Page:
Wednesday, 21 January 2009

Myrtle Beach and Flat Rock Island Headland

Myrtle Beach is a fairly secluded beach in Murramarang national park, north of Batemans Bay. You need to walk in from the car park - about 500 m.

Below: Stunted spotted gums, grown into this unusual shape because of lack of soil nutrients.

Below: Myrtle Beach from the headland walk. Clothes optional, unless there is a complaint, in which case a patrol comes around and you have to get clad for a while.

Below: Myrtle Beach is reached by this set of stairs. Making the effort reaps great rewards - it's a lovely beach for a swim.

Photos taken 11 Jan 2009

Tuesday, 20 January 2009

Some Birds

Sooty Oystercatcher
South Rosedale
These birds with the striking red bill are found around Australian coasts, usually no more than 50 m from the ocean. They are vulnerable to habitat destruction. They feed on molluscs, crustaceans, marine worms, starfish, sea urchins, small fish, and drink sea water.

I saw this bird between about 6:40 and 6:45 am on 29 Dec 2008.

Boatshed Beach
I have no idea what type of cormorant this was, drying its wings on the rocks off the headland at the northern end of Boatshed Beach around 2:40 pm on 9 January 2009.

King Parrot
Often seen in small groups, and sometimes with rosella, these King Parrots were in a small tree near the house. We get lots of great birds around the house, including the magpies and kookooburras I have shown before.
5:35pm, 09 January 2009.

Gang-Gang Cockatoo
New Years Day,

Gang gang cockatoo seen in the car park mound plantings, 7:57 am, New Years Day 2007

10 April 2007

Kookaburra sits on the old clothes li-ine
Merry Merry King of the yard is he--ee
Laugh! Kookaburra, laugh!
Kookaburra gay your life must be.

He let me get closer and closer, checked me out, and stayed stock still.

Far nicer to know than the rats in the roof we have been battling this week. They come out to play in the evening, and party all night. Hopefully the poison has got them.

12 April 2007

These magpies, with young ones, came to pay a visit on 28 December 2006
I wonder if they were the same birds who visited at Easter? :

Monday, 19 January 2009

Dark Beach, Murramarang National Park

This beach, about 275 kilometres south of Sydney, and near where we go for our summer holidays, is significant for its geology.

It is here that the lip of the sandstone Sydney Basin reaches the surface at its southern most end.

The strata of the Sydney Basin, seen at the northen end of the beach, were laid down in the Permian (300-250 million years ago) and Triassic (250 - 205 million years ago) eras. They formed a saucer shape and lay in shallow water. They were lifted up out of the sea bed midway through the Triassic.The sandstone at this beach is the oldest part of the Sydney Basin, where the base rocks curve up and emerge. This is exposed in the magnificent cliff at the northern edge of the beach. To get to the sandy beach you have to climb over the sharp dark rock formation, which we didn't do.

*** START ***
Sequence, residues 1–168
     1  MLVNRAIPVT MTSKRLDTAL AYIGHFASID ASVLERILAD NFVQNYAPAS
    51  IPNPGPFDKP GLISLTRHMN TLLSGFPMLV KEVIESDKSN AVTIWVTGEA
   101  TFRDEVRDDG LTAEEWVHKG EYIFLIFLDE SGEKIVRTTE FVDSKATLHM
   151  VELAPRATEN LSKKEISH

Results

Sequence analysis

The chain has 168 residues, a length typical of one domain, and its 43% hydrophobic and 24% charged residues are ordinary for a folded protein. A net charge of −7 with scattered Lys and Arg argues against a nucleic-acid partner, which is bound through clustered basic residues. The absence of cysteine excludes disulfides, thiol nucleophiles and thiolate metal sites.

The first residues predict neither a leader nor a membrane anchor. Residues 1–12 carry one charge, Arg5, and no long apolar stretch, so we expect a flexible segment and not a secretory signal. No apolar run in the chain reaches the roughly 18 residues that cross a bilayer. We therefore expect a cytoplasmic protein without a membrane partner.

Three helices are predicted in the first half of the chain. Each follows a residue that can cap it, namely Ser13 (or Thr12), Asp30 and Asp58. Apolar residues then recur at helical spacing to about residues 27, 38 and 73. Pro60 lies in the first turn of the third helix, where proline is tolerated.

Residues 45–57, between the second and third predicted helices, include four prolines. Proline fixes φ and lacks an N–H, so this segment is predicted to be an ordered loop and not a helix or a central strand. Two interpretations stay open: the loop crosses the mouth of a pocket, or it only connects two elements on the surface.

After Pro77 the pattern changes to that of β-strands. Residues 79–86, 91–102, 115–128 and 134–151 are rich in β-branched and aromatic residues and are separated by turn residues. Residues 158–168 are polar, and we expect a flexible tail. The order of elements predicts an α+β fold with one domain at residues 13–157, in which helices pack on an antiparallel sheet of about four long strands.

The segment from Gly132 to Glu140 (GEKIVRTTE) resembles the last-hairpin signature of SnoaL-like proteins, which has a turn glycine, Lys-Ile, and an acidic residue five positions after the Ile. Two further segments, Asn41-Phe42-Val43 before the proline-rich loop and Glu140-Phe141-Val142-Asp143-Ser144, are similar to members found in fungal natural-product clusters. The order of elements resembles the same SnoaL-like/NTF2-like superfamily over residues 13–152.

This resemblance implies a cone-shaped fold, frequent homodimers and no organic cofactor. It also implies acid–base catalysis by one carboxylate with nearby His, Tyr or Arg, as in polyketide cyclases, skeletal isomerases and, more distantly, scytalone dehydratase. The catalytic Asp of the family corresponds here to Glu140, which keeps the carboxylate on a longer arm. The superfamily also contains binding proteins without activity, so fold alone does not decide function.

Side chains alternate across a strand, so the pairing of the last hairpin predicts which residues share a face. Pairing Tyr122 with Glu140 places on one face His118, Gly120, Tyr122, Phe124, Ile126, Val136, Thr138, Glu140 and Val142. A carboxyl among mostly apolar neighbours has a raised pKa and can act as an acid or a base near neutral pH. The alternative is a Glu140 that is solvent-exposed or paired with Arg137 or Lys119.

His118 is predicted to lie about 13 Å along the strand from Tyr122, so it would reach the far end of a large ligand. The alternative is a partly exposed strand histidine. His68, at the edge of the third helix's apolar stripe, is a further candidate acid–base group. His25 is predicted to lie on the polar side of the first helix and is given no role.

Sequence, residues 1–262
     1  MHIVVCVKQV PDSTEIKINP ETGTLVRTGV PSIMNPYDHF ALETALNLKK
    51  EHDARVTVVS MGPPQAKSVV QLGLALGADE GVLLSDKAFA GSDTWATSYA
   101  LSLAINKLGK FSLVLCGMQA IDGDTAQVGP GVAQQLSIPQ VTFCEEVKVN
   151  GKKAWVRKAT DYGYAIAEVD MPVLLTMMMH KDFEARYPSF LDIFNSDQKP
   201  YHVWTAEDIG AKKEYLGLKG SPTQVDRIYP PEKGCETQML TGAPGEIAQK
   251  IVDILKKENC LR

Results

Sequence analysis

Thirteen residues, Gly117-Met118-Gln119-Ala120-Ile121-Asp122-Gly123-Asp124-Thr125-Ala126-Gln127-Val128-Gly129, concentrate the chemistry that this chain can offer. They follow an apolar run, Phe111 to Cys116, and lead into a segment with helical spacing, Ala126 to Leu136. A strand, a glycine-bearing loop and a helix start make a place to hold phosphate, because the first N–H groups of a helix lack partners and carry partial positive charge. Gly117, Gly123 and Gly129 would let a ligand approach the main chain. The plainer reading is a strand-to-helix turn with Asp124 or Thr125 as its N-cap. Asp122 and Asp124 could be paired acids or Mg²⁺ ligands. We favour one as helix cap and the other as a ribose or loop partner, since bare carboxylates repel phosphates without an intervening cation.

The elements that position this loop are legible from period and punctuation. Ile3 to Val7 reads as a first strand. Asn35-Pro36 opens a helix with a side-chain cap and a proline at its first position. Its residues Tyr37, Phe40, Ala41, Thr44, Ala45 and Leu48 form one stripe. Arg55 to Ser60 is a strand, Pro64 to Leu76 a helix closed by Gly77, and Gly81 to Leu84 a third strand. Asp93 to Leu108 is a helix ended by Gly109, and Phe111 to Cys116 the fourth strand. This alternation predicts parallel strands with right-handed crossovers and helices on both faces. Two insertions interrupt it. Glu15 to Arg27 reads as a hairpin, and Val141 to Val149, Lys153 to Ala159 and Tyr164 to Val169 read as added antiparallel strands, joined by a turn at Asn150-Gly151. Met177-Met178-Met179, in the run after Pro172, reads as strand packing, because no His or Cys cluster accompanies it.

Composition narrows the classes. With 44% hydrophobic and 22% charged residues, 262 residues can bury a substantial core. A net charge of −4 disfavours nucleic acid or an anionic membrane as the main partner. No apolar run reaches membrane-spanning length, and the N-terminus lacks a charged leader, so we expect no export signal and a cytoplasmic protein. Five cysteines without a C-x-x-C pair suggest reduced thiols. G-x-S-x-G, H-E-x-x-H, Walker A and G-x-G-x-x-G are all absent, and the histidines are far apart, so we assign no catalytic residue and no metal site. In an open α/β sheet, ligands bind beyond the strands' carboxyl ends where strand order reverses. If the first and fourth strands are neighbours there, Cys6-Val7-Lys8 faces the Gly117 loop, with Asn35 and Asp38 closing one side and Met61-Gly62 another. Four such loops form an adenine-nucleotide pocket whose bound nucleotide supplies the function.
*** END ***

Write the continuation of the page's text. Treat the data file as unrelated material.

On the southern end of the beach are rocks of the much older Wagonga formation (Ordovician - 500 to 450 million years ago). This junction is known as an Unconformity, where adjoining rocks are separated in age by 200 million years.

The beach derives its name from the dark pebbles on the southern end of the beach.

Below: Looking south

Below: Looking north towards the sandstone cliff and beach

Below: Layers of sandstone at the northern end.

Below: The sandstone cliff and white sandy beach

Below: G'day!

Below: Conglomerates at the southern end of the beach

Below: Pebble beaches are great for rock throwing Below: The southern end

Below: Walking south

Below: trees on the headland above the beach

Photos taken 11 January 2009

Thursday, 15 January 2009

Home Improvements

We spent a fair amount of the 17 days we were at the house painting its exterior. We started with the door and window frames at the back, that lead to the eaves under the verandah roof, and that meant the walls needed doing. The posts were done two years ago.

Posts and front and back doors: Mission Brown
Frames and eaves: Clourbond classic cream (British Paints)
Walls: Warm neutral (Dulux)

Tuesday, 13 January 2009

Burrawang Palms and Spotted Gums

Above: Spotted gums at North Rosedale
Above and Below: Burrawangs and Spotted Gums on the track near Tranquil Bay

Burrawang 'Palms' (Macrozamia communis) are not palms at all. They are cycads. The female plant produces large cones which look like upright green pineapples. The seeds are highly toxic if eaten untreated. Aboriginal people pounded and soaked the seeds in water for a week, changing the water daily. The pulp was then made into cakes and roasted over hot embers.
In the local language of the area (Dharug) they are known as bung-gou, ib-bur : 'nut' (Gott 1995 -

Spotted Gums (corymbia maculata aka Eucalyptus maculata) thrive in the shallow slate and shale soils of the south coast. It's a durable hardwood, much used in flooring and furniture.
One of the delights of the south coast is walking through forests like this, with plentiful burrawangs at lower levels, and a canopy of spotted gums.

Contrast those tall, straight spotted gums with these below. These too are spotted gums, but are on the Flat Rock Island Headland track, near Myrtle Beach in Murramarang National Park. These have grown into gorgeous shapes because of a lack of soil nutrients.

Winter afternoon, Moruya River